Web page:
Turkey talks to Syrian dissidents and warns Assad: 'Time is running out'

Ankara gives Bashar al Assad time to change but says he must move fast, as opposition groups meeting in Turkey called for his immediate resignation.

Members of Syrian opposition shout slogans to protest against President Bashar Assad after their meetings in the Turkish coastal city of Antalya on June 2, 2011, aiming at a plan for the demise al-Assad. Al-Assad launched the day before a "national dialogue" while freeing hundreds of political prisoners in an amnesty opposition groups and Washington say does not go far enough.  AFP PHOTO / ADEM ALTAN

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ISTANBUL // Turkey confirmed it is in direct contact with Syrian dissidents as opposition groups meeting in Turkey yesterday called for the immediate resignation of Bashar al Assad as president.

Since the revolt against Mr Assad began in March, Turkey, one of Syria's closest allies, has been careful not to take sides, in contrast to Libya, where Ankara is openly talking to the opposition to Colonel Muammar Qaddafi.

Human rights activists say more than 1,000 people have died in protests in Syria. Mr al Assad announced a general amnesty this week, but the opposition dismissed it as too little, too late. Turkey welcomed the amnesty but called on Mr Assad to do more.

By allowing Muslim Brotherhood leaders in Syria to visit Istanbul in April and giving the go-ahead for the much wider Syrian Conference for Change in Antalya this week, Turkey has been making it clear that it does not intend to support the Assad regime come what may.

Ali Babacan, the economy minister and a deputy prime minister in the Turkish government, went one step further in Istanbul yesterday: "We are talking to the opposition in Syria and to Assad himself," he said.

Mr Babacan, a former foreign minister, said although it was still possible for Mr Aal ssad to stabilise Syria by introducing political reforms, time was running out.

"We believe we should give Assad some time to make that change," he said, but "we think they have to move fast".

Amid the violence of the Arab Spring, Ankara has tried to find a balance between its interest in regional stability and its commitment to democratic principles. This has been especially tricky in the case of Syria, with which it shares a 900km land border.

Civil war in Syria could trigger a flow of refugees into Turkey. Recep Tayyip Erdogan, the prime minister, told Turkish state television this week he wanted Mr Assad to start releasing prisoners. "It is very, very important to free political prisoners," he said. The prime minister also said he called Mr Assad several days ago and told him to "take courageous steps".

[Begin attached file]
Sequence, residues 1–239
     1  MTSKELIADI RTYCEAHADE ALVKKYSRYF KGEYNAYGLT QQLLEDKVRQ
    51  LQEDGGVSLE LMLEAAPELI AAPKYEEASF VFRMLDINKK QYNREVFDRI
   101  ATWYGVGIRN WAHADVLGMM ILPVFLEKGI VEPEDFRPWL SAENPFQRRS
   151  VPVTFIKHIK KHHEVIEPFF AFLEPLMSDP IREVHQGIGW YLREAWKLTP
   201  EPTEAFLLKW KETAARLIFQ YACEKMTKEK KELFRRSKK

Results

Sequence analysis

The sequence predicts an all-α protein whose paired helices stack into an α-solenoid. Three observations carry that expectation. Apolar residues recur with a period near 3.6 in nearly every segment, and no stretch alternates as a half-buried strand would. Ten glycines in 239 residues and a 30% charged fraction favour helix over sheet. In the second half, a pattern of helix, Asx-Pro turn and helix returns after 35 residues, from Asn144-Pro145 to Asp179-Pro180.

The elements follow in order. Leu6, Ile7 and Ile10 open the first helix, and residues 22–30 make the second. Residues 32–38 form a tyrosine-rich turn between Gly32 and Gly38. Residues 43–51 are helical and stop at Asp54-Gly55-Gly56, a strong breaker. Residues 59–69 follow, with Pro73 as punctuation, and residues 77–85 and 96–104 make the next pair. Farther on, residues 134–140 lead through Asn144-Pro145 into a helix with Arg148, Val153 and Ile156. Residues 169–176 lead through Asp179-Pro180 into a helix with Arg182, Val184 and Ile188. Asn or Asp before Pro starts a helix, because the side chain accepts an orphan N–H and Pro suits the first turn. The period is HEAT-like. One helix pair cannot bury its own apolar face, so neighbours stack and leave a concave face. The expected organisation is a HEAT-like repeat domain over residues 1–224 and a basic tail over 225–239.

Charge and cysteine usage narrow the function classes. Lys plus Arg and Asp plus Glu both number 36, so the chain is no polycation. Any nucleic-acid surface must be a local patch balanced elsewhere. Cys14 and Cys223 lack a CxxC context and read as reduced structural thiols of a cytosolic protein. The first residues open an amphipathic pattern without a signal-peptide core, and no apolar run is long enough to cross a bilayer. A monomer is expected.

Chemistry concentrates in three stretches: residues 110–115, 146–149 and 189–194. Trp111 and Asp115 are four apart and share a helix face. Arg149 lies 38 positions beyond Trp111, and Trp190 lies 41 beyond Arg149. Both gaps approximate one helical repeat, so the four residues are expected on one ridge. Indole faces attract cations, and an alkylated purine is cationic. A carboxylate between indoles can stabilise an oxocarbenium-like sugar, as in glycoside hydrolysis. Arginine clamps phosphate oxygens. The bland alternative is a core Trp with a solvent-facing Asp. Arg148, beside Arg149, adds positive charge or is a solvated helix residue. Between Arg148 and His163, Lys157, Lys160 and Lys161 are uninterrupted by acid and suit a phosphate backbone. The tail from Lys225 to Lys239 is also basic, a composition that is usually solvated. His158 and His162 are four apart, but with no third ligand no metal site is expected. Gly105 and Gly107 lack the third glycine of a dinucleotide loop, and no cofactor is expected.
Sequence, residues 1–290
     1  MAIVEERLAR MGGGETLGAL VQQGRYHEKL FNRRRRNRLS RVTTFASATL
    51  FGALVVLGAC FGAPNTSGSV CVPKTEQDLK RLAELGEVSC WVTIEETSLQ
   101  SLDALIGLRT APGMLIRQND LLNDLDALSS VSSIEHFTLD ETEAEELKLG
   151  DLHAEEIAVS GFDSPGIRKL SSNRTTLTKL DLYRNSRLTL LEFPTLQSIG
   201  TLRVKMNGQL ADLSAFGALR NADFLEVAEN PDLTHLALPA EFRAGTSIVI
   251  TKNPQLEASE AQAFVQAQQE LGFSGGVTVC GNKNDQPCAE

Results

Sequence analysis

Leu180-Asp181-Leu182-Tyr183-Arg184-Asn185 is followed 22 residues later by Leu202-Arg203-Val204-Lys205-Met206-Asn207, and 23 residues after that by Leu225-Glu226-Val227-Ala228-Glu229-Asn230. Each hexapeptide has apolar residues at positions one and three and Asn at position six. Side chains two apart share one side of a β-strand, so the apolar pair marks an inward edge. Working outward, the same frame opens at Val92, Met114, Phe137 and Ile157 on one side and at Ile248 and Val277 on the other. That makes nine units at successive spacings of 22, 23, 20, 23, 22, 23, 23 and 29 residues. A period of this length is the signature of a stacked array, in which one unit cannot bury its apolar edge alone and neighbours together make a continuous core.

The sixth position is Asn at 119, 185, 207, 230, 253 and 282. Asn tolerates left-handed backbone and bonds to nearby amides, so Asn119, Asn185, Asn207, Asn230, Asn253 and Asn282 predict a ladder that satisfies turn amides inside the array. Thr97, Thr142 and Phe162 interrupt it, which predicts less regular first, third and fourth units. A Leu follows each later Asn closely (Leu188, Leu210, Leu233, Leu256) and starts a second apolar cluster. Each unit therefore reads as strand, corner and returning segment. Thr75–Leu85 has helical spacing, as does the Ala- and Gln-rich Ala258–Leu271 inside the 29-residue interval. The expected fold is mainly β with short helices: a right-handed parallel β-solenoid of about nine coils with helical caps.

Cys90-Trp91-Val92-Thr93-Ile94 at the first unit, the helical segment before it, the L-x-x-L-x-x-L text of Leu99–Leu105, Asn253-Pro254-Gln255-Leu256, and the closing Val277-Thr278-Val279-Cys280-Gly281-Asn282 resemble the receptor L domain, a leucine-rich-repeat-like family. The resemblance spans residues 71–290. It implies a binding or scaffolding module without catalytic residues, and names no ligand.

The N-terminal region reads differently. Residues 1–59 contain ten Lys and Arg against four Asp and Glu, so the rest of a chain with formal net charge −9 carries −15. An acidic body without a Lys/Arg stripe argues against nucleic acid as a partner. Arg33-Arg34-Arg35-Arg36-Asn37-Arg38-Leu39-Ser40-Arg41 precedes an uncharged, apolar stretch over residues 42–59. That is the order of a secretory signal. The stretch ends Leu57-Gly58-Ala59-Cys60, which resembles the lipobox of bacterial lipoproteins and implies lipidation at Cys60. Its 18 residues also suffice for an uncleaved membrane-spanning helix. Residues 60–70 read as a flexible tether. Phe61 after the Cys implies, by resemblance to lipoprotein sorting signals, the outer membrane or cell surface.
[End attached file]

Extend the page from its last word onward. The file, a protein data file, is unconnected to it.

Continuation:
Mr Erdogan said the Syrian leadership had not asked questions about the opposition meeting in Antalya, the biggest gathering of Syrian opposition representatives so far. "If they do, my answer is ready: if their own side wants to stage a similar meeting, our door is open to them as well."

In Antalya, dozens of supporters of Mr Assad gathered in front of the hotel hosting the opposition conference both on Wednesday and yesterday. They chanted slogans in support of the Syrian president and denounced the opposition delegates as American and Israeli agents.

In a joint statement after two days of talks there, Syrian opposition groups said Mr Assad should step down as president immediately.

The meeting's closing statement urged him to hand power to his vice president and hold free parliamentary and presidential elections within a year.

Participants in the talks, most of whom came from exile groups, also elected an executive committee of 31 members, which will include representatives of the Muslim Brotherhood, Kurdish groups, secular organisations, women and other sectors of the opposition.

The committee will coordinate opposition action and support dissidents inside Syria, lobby world leaders and document state violations during the uprising. Under the umbrella of the executive committee, several smaller groups will deal with economic questions such raising money to support dissidents inside Syria, with media relations and other issues. Another meeting of Syrian opposition representatives will be held in Brussels in the coming weeks, according to participants.

"Change is inevitable, the pressure is only going to grow" in the Middle East, Mr Babacan said. International travel and modern technology were important factors, he added.

As an example, Mr Babacan pointed to the 1.8 million Iranians who visited in Turkey last year. "They go home and tell what is happening in Turkey," he said.